The exhibition Beyond the Establishment
is the Russian Museum's first major attempt to showcase the works of self-taught artists with disabilities, mental disorders and/or psychiatric experience right next to recognized works of contemporary art, that is, to include them within a global artistic context.
Viewers may wonder why these particular artists were chosen. What do they have in common apart from social criteria? In my opinion, each of the represented artists has their own recognizable visual style. All of them are independent creative agents. Their visual language has been formed through their life experience and reflects their own thoughts and desires rather than the demands of the art market. And the fact that such diverse artists can be seen in one exhibition clearly shows that there is no universal style for artists with disabilities, mental disorders and/or psychiatric experience, just as there is no such thing for normotypical artists.
The title Beyond the Establishment
is an attempt to move away from discriminatory terms used in art theory. There is no suitable Russian term to define art created by people belonging to minority groups. The terms art brut
and outsider art
, which sounded natural at the time when they were invented, now seem outdated, but researchers still use them for lack of anything better.
The term art brut
was invented by the artist Jean Dubuffet in the middle of the twentieth century to define his own work and the pieces from his collection. According to Dubuffet, only art that meets certain requirements warrants this term: "Art brut
is a purely free, spontaneous, instinctive (brut
) artistic process, all stages of which are reinvented by the artist based solely on his own internal motives and impulses ... And consequently, it is art (art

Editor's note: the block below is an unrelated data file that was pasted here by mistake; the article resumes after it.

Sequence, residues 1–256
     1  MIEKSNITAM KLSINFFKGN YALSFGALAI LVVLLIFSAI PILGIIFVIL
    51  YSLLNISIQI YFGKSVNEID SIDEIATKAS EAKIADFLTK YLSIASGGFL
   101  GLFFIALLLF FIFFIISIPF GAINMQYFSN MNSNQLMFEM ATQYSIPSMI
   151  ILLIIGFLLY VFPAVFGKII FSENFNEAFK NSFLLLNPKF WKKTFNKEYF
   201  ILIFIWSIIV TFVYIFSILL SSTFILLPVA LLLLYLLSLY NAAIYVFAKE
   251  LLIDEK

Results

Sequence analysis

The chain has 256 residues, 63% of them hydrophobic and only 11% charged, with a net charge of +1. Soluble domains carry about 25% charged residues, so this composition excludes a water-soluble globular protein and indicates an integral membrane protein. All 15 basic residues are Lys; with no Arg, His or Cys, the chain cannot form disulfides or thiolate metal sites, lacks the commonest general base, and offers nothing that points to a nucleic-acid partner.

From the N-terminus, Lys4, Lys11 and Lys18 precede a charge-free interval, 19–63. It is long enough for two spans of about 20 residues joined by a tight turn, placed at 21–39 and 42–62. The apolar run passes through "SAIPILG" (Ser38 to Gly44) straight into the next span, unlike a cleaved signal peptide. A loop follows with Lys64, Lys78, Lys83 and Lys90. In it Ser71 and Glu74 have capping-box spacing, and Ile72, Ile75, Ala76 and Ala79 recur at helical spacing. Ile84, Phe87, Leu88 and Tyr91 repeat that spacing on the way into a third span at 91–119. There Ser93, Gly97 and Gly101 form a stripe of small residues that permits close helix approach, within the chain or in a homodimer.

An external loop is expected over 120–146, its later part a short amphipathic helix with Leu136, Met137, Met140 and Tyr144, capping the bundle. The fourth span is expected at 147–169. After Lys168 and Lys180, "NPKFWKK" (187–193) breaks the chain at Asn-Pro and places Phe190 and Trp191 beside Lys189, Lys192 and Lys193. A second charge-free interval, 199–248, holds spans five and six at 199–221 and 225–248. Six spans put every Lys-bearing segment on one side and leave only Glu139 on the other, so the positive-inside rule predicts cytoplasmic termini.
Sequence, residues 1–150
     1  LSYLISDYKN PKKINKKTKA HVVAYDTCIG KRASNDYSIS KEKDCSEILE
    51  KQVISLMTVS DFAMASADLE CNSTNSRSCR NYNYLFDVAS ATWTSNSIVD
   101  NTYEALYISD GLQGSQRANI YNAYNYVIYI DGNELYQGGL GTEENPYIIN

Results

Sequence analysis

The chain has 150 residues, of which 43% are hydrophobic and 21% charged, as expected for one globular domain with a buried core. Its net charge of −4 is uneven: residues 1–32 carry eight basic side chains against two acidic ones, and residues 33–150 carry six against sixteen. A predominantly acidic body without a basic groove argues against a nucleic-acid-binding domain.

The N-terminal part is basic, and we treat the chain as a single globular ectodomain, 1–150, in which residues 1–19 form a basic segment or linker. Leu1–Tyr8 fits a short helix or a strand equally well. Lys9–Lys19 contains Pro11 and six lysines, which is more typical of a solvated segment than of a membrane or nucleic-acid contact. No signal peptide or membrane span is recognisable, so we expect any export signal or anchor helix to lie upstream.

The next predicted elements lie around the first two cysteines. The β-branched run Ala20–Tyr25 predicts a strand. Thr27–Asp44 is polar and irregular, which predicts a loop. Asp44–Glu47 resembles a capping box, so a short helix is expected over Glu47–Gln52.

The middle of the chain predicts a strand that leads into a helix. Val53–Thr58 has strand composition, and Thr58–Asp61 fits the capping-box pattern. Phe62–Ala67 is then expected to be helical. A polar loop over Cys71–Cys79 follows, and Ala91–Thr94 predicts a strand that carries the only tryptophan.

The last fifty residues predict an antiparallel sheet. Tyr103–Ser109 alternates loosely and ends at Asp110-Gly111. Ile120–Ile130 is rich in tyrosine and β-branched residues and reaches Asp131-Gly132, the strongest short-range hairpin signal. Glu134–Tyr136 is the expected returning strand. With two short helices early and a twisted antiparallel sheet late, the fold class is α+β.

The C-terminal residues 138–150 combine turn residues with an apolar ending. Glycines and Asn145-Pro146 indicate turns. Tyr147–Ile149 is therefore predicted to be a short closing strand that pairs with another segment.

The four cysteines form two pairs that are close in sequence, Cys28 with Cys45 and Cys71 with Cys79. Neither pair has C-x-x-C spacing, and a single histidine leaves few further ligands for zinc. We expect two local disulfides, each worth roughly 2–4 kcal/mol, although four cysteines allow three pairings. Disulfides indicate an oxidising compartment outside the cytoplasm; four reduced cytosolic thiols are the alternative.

) in which only invention and fantasy are manifested, as opposed to the chameleons and monkeys that are inherent in cultural art."
The fact that art brut
focused on the aesthetics of artworks rather than the medical or social characteristics of their artists was a real breakthrough and brought the term from the margins to a new level of recognition in Western countries.
But since only Dubuffet himself and the staff of the Collection de l'Art Brut that he established in Lausanne could determine what belonged to art brut
and what did not, the term acquired a closed, exclusive character. Perhaps it is for this reason that the term outsider art
, proposed in 1972 by Roger Cardinal as an English-language synonym for art brut
, has become more common in the world.
Yet over time, the term outsider art
has absorbed a huge range of art forms: the art of children, indigenous peoples, residents of remote villages, women, prisoners, people with mental disabilities, tattoos, folk crafts, amateur art, etc. It indicates the social status of artists, which no longer seems appropriate in the 21st century when "contemporary art is freed from all qualifications and willingly accepts everyone." Outsider art